Visual imagery helps top skiers
by Mountain Journal Tony Crespi
Dec 25, 2017 | 1522 views | 0 0 comments | 115 115 recommendations | email to a friend | print
Most expert skiers know that Olympic racers routinely use visual imagery techniques to refine their skills. In fact, Olympic champions frequently practice their turns in their “mind’s eye” before actually entering a race course.

Unfortunately, while visualization is frequently used as a tool for elite athletes, many recreational skiers fail to completely utilize this helpful skill.

What is visual imagery? Does imagery actually work?

Have you ever watched a top skier on the North Face at Mount Snow or on Slalom Glade at Stratton and then tried to recreate those exact turns? Have you every tried to mentally picture a series of turns before leaving the lodge? Generally, visualization involves the production of a meaningful mental image. Ideally, this uses all our senses.

Stop. Sit. Relax.

Whether interested in refining bump skills at Mount Snow, intermediate turns for skiing Carinthia, or simply interested in becoming a more polished expert able to master any trail or mountain, visual imagery can be a useful skill. Try to visualize your ideal turns. Try to (kinesthetically) feel the turn. Try to hear the sounds of the turn. Picture the trail. Picture the snow. Feel the snow!

Is visual imagery helpful?

Approximately 90% of Olympic athletes use imagery! In fact, yeas ago, in a unique experiment conducted by noted psychologist Dr. Richard Suinn with US Ski Team Olympic racers, it was demonstrated that imagery could improve skills more rapidly than skiers who did not use this skill. The experiment was actually canceled in order for everyone to use this technique.

How does visualization work? Basically, when you visualize yourself performing a movement - or series of movements - you actually use similar cognitive pathways as when you perform those movements.

To be sure, this is a very complex skill. For example, some folks use external imagery, which is similar to watching a videotape, while folks who use internal imagery picture themselves executing the skill.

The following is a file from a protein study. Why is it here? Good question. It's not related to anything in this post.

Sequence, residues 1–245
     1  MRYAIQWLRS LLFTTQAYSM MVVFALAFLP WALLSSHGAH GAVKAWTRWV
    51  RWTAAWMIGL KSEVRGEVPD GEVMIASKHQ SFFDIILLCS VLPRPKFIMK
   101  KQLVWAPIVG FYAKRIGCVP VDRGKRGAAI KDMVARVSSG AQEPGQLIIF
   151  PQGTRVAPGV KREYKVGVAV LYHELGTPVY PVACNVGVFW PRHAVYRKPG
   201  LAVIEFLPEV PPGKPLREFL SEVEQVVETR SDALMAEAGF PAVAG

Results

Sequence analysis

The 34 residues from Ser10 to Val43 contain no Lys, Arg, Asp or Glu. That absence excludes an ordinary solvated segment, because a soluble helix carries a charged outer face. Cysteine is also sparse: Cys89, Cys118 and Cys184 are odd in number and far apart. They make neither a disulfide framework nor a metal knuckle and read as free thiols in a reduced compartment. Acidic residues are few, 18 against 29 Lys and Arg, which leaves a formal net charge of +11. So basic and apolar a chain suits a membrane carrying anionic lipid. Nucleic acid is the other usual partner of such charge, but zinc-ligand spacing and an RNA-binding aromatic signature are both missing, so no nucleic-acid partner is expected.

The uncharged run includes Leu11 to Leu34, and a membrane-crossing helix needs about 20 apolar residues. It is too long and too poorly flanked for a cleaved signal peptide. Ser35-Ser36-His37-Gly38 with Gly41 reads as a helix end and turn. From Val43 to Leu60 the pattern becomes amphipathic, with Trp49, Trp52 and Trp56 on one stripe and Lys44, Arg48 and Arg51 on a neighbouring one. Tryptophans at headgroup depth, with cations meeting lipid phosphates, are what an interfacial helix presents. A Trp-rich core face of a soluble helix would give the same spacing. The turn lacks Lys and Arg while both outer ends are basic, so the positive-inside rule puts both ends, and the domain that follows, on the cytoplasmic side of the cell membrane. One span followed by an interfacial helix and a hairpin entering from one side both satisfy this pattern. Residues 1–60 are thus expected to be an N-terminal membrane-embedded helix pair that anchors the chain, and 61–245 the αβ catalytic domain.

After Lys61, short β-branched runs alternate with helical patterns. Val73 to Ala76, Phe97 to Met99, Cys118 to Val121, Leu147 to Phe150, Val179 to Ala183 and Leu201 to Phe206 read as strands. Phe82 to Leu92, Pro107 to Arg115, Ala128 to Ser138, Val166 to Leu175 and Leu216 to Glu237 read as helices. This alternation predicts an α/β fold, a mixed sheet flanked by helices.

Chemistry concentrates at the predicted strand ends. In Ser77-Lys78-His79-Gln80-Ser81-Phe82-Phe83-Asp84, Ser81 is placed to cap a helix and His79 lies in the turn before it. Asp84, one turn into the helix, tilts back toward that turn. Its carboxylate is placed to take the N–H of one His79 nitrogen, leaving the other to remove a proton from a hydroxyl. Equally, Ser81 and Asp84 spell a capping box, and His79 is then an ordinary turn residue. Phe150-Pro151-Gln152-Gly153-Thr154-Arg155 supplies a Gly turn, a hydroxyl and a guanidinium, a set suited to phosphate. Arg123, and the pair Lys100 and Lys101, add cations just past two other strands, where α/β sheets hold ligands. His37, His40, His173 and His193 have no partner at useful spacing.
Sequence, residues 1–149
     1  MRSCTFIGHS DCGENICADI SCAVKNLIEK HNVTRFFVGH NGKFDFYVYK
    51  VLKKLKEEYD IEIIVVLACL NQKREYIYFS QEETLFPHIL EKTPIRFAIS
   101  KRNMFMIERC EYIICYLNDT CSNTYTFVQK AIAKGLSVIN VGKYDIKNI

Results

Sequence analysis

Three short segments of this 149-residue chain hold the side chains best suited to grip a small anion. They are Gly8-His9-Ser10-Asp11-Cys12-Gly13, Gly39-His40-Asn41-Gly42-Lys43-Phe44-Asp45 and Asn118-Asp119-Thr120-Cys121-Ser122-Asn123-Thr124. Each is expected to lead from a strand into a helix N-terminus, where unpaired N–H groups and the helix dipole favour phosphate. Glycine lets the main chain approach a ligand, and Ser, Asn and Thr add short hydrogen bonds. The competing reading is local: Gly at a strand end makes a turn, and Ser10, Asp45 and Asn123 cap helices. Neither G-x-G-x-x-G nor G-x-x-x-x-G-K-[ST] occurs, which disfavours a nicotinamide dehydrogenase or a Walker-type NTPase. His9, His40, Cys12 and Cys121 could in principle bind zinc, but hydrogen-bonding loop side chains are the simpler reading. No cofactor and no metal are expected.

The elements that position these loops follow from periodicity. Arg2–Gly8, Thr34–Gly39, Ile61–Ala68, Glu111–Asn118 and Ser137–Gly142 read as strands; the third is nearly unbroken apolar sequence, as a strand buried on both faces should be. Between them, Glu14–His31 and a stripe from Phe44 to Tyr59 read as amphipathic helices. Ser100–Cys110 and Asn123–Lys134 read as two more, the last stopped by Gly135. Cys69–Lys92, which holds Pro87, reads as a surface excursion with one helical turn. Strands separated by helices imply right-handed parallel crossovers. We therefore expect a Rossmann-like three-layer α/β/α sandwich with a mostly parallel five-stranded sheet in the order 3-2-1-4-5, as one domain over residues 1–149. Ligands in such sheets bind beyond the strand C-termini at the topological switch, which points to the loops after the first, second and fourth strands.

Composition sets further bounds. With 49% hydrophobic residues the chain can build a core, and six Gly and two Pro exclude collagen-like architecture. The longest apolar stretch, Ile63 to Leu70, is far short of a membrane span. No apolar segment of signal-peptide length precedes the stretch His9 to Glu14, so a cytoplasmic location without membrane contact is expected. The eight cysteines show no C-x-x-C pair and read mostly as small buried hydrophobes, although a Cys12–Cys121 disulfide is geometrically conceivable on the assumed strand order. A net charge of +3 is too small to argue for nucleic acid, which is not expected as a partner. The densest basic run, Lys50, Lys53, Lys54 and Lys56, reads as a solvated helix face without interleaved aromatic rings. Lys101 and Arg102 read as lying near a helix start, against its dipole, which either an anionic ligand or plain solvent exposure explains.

The closer the image to the ideal the better. Ideally, of course, finding a sport psychologist who is also a coach is ideal to learn. But that’s probably not very realistic. As a secondary choice, find a coach or instructor who has received training from a sport psychologist. Frankly, even this is something of a rarity. So, what can you do now? Try this drill.

1) Select a skill, such as short radius turns.

2) Relax by taking a few deep breaths. Relaxation is a key to visualization.

3) Picture a favorite run.

4)Visualize that run. Close your eyes and try to see yourself on the run. Hear the sounds. Now, feel your body

performing your skill.

5) Practice for about 10 minutes.

6)Visualize, carefully, what you want to do.

7) Fine-tune movements.

8) Be realistic.

9) Practice several times a week. Practice before you ski.

10) Use good visual images as models.

Like learning any new and complex skill, visualization is not mastered overnight. It takes time. And practice. Ideally, find a knowledgeable coach to help refine your visualization skills. In the meantime, consider these points. Find a great visual image.

Enjoy your day, from your first turn to your last.

Contributing columnist Tony Crespi has served as both a ski school trainer and development team coach. His column is published throughout the season.
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